Plaintiff, in her brief, has assumed that the trial court decided in her favor the question of the necessity of submitting proof before starting suit and says that "if the nonsuit were intended to be granted on the technical ground that plaintiff had failed to prove the filing of proper proof of loss, plaintiff was prepared to go into such proof, and would have applied

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for leave to reopen its case on this ground if necessary."

We find nothing in the record to justify this assumption. The record is to the contrary. The defense that defendant had not received due proof was specifically set up in defendant's answer and issue joined thereon by plaintiff's reply. The point was urged as a first ground relied on by defendant in its motion for nonsuit and while the trial court, in its discussion with counsel on the motion, stressed the failure of the plaintiff to show death by accidental means, yet the court informed counsel for plaintiff that plaintiff had also failed to show that she had submitted due proof to the Insurance Company of the death of the insured as a result of accidental means. Notwithstanding this, counsel made no application for leave to reopen the case in order to submit evidence that such proof had been filed.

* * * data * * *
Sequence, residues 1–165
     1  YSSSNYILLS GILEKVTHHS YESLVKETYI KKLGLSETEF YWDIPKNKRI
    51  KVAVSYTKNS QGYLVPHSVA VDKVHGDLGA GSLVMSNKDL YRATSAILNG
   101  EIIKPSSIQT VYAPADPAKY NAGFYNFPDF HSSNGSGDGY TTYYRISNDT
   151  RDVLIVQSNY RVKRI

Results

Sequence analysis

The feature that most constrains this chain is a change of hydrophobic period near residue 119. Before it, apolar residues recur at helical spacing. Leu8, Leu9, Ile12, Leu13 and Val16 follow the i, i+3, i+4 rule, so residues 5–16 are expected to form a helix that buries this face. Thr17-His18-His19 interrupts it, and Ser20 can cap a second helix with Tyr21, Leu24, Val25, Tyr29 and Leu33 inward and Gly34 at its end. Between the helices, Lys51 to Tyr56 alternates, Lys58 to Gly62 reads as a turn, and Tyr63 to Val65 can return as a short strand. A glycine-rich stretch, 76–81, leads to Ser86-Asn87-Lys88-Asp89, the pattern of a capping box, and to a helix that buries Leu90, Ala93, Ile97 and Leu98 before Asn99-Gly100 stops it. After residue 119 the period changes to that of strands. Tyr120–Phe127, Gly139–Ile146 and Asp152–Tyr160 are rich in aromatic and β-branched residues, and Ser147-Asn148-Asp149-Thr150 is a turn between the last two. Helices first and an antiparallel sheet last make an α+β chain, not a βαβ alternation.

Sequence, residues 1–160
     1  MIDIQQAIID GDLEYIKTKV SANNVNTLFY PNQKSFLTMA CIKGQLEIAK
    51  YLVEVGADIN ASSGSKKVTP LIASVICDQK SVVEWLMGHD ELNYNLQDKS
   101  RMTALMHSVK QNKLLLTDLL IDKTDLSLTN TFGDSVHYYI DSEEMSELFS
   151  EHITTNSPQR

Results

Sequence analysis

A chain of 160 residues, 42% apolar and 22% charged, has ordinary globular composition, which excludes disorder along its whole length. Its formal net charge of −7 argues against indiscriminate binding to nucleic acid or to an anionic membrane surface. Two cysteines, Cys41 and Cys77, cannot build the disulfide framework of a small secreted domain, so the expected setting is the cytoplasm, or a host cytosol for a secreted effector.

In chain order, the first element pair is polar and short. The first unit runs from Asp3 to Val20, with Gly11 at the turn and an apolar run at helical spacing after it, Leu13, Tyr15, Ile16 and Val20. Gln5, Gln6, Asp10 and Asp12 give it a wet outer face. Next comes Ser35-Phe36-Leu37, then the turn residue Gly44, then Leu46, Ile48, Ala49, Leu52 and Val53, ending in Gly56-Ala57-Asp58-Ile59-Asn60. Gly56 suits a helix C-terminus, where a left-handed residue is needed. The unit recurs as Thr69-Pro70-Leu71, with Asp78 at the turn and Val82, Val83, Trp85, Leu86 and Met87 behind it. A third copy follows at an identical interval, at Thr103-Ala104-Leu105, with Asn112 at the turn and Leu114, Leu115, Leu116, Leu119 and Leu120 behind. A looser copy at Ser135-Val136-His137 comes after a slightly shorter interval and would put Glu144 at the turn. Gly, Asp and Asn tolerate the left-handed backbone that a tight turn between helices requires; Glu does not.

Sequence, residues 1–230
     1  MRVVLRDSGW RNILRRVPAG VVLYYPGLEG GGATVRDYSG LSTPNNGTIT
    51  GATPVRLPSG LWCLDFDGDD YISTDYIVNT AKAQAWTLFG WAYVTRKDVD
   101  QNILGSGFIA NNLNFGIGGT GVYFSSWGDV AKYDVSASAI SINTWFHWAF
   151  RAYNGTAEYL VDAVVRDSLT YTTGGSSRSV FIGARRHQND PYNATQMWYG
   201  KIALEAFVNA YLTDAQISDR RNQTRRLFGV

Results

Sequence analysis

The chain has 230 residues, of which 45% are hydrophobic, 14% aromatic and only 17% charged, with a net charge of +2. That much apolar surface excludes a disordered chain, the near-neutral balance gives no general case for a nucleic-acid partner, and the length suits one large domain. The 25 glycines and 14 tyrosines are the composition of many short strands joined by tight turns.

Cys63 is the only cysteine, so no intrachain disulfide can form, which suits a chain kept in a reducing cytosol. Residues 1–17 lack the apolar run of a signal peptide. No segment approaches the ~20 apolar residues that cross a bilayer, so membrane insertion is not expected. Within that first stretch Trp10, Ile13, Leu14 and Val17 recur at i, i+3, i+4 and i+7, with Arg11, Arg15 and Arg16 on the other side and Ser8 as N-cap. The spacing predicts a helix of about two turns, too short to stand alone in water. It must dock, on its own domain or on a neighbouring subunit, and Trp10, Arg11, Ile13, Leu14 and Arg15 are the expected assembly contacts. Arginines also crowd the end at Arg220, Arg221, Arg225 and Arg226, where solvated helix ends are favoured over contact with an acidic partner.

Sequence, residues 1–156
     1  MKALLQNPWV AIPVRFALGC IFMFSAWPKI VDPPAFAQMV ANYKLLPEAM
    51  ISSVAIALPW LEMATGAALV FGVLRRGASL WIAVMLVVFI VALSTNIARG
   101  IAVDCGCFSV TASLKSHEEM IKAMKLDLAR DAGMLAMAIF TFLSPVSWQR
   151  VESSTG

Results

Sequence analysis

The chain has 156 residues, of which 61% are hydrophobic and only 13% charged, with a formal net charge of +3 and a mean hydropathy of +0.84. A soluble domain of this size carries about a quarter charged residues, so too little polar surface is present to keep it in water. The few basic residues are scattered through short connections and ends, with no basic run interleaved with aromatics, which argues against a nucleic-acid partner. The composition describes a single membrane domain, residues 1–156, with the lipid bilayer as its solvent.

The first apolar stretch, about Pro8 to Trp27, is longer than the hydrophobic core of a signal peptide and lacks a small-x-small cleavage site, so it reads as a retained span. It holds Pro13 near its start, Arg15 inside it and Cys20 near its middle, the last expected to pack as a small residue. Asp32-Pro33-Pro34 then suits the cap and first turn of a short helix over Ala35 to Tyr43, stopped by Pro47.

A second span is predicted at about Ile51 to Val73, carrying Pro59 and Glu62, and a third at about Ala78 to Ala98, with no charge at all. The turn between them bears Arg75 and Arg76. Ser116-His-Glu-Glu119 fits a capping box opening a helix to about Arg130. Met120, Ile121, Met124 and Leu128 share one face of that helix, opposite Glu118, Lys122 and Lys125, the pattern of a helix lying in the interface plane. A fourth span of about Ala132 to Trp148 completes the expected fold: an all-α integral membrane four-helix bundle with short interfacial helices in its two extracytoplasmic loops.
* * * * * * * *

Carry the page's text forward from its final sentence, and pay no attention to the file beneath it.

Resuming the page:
Under such circumstances there can be no question that the plaintiff's non-compliance with a condition of the insurance contract was brought to her attention in the court below and has been properly raised on this appeal.

However, if the nonsuit should have been granted, but for different reasons than those assigned by the trial court, the nonsuit was nevertheless proper.

We are of the opinion that the nonsuit was properly granted for the reasons herein stated. This makes it unnecessary for us to determine whether the evidence adduced by the plaintiff at the trial was sufficient to establish that the death of the insured was the result of "accidental means."

The judgment below is affirmed.


For reversal -- None.